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Derailing Financial Reform?



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It is curious that the New York Times still fails to see the irony in its condemnation of the banks for risk mismanagement failures while at the same time advocating more authority for the regulatory agencies — the SEC, CFTC, FDIC, Treasury, Fed, and the rest of the ABC soup — that utterly failed to manage risk. In an editorial yesterday, the Times voiced concern that incoming congressional Republicans would “derail” financial reform by cutting off funding for regulatory agencies that are setting new, hyper-restrictive rules for how Wall Street breathes and clips its fingernails.

These are the same agencies that allowed moral hazard to threaten the economy, couldn’t find Bernie Madoff in front of their faces, and failed to see that AAA ratings on subprime debt were a terrible idea. They need more power? Really?

The Times writes: “To their credit, regulatory agencies have begun that process with a sense of mission and depth of expertise that was missing in the years before the financial crisis.”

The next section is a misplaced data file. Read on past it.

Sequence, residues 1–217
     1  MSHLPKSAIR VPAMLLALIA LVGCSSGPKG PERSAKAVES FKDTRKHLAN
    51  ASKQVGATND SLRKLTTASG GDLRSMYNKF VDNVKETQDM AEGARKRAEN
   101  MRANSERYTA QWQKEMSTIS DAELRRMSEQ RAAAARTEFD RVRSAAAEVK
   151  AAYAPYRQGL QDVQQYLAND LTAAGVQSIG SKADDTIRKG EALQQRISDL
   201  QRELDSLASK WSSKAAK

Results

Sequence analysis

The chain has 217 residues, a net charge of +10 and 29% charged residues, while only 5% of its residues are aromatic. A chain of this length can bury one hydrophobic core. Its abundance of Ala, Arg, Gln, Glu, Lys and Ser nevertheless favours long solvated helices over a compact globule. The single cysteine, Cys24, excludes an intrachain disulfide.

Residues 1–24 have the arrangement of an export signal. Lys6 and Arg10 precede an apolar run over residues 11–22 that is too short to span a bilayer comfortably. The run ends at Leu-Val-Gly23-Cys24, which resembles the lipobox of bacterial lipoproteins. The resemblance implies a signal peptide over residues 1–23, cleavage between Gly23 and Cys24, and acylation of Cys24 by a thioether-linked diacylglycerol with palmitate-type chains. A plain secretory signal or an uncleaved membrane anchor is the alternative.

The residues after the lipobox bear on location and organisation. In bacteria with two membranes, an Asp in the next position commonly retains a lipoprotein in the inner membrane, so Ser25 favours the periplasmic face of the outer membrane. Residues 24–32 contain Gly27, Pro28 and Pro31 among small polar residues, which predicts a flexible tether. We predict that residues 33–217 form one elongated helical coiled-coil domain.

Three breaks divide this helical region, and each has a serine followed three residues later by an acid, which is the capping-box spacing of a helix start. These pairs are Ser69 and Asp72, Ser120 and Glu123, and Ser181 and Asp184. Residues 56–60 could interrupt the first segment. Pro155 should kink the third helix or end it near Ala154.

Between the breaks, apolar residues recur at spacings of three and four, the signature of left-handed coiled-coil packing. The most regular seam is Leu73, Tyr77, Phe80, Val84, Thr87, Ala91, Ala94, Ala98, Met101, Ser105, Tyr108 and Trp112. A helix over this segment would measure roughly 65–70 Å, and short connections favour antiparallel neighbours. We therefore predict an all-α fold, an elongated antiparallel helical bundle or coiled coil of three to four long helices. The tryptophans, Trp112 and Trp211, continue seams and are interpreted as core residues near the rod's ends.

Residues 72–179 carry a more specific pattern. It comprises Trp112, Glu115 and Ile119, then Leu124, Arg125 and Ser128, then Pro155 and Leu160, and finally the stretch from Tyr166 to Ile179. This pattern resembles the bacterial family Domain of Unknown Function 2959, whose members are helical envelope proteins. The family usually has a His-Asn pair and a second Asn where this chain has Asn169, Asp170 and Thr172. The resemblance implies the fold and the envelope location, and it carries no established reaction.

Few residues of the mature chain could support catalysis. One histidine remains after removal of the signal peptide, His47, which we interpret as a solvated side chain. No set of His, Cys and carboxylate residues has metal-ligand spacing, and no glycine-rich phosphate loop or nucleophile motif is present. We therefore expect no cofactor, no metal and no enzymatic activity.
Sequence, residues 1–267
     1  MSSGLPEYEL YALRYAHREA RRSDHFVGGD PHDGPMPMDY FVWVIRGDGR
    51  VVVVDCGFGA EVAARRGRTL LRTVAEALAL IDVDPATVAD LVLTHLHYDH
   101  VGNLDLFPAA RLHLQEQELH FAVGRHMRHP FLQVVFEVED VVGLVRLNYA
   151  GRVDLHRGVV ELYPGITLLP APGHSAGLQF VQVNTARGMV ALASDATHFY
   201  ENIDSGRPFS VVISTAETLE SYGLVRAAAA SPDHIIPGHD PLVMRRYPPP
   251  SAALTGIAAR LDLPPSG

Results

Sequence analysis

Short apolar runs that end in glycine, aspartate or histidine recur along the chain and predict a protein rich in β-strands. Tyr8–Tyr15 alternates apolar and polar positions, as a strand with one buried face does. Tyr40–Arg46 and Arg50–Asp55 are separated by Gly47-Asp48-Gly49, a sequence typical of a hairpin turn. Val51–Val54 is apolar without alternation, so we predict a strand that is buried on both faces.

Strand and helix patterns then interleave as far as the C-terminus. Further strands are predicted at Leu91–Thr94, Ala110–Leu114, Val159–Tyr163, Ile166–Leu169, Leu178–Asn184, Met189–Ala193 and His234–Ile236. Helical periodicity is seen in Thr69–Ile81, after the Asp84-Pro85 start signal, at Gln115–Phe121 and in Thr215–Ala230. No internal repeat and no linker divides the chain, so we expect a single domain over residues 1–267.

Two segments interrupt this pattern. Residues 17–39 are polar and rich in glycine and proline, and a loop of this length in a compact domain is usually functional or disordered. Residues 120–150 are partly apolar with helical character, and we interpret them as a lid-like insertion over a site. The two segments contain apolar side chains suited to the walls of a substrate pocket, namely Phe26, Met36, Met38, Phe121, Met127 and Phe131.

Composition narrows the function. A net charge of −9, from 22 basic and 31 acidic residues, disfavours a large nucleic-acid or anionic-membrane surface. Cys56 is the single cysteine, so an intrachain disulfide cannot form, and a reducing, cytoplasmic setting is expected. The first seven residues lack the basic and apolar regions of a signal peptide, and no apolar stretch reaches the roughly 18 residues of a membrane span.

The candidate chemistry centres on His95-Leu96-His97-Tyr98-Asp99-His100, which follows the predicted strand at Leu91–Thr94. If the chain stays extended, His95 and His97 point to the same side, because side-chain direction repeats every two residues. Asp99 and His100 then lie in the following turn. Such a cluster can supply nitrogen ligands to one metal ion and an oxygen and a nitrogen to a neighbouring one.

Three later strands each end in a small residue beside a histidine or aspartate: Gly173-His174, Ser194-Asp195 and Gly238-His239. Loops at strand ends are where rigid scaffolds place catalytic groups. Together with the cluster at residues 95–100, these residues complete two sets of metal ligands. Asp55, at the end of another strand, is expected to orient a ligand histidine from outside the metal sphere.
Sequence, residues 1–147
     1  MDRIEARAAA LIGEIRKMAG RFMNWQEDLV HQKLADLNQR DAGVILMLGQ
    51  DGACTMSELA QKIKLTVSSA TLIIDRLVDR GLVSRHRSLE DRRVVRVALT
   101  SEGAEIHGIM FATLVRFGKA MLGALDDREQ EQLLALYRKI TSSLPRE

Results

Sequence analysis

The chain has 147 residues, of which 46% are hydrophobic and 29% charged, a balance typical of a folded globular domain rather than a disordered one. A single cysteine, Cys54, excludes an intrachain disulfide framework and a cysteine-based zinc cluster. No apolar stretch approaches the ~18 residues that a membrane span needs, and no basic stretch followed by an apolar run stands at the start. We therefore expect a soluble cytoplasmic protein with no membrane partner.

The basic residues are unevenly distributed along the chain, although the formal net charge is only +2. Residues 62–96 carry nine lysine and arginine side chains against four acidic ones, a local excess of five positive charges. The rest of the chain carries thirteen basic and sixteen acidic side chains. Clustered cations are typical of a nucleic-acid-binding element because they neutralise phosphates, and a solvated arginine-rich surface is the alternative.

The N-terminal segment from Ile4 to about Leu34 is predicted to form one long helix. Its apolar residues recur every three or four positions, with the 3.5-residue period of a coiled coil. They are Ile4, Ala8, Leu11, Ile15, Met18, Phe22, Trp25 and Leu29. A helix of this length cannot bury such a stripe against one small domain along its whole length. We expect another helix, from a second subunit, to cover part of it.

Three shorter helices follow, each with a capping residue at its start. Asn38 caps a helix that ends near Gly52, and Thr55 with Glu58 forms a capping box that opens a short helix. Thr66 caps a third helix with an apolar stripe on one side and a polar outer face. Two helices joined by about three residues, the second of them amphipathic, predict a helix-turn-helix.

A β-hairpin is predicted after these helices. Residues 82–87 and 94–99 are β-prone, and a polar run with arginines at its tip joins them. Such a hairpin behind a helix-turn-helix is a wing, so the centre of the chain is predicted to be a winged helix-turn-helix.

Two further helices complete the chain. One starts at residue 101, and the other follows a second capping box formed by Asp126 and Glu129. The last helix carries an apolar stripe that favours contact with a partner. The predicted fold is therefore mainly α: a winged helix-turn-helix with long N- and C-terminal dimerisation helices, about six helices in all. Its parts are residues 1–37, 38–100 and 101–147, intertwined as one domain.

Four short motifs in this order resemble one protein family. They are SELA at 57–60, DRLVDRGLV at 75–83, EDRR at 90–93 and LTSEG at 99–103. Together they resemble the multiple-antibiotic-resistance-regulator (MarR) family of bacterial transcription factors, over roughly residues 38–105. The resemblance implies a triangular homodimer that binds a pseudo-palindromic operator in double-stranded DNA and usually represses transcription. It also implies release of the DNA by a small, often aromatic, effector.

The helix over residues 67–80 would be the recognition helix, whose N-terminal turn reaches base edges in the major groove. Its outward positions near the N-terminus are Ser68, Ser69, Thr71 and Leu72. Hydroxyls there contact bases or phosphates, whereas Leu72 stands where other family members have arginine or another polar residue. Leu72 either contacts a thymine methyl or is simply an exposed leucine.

What expertise? According to a Treasury staffer closely involved in setting up the new Consumer Financial Protection Bureau, they have no idea what they are doing as they set up a billion-dollar regulatory agency from scratch. In their defense, how could they? It is a mission destined for failure. The Commodities Futures Trading Commission has admitted it was ill-prepared to take on the huge tasks given to it by Dodd-Frank and recently announced it would miss some statutory deadlines.

Meanwhile, rising compliance costs are already threatening to shut out some investors and make financial markets less dynamic and competitive.With this in mind Rep. Eric Cantor has argued that Dodd-Frank is a “job killer.” The Times editors incoherently countered that Americans are “furious at the banks, whose recklessness has led to crisis and recession — and high unemployment,” and thus Wall Street should be punished. But the simple reality is that even if American’s are upset at the banks, that doesn’t make the compliance costs of Dodd-Frank and the uncertainty created by the regulatory process any less murderous of employment prospects.

In principle, it would be bad to cut off finding for regulatory agencies ad hoc. We do need them to set the rules for competition and prevent fraud. But the incoming Republicans can play an important role in trying to prevent Dodd-Frank rules from hurting economic growth. Holding hearings to keep regulatory directors accountable will be a good place to start.

Anthony Randazzo is director of economic research at the Reason Foundation in Washington D.C.



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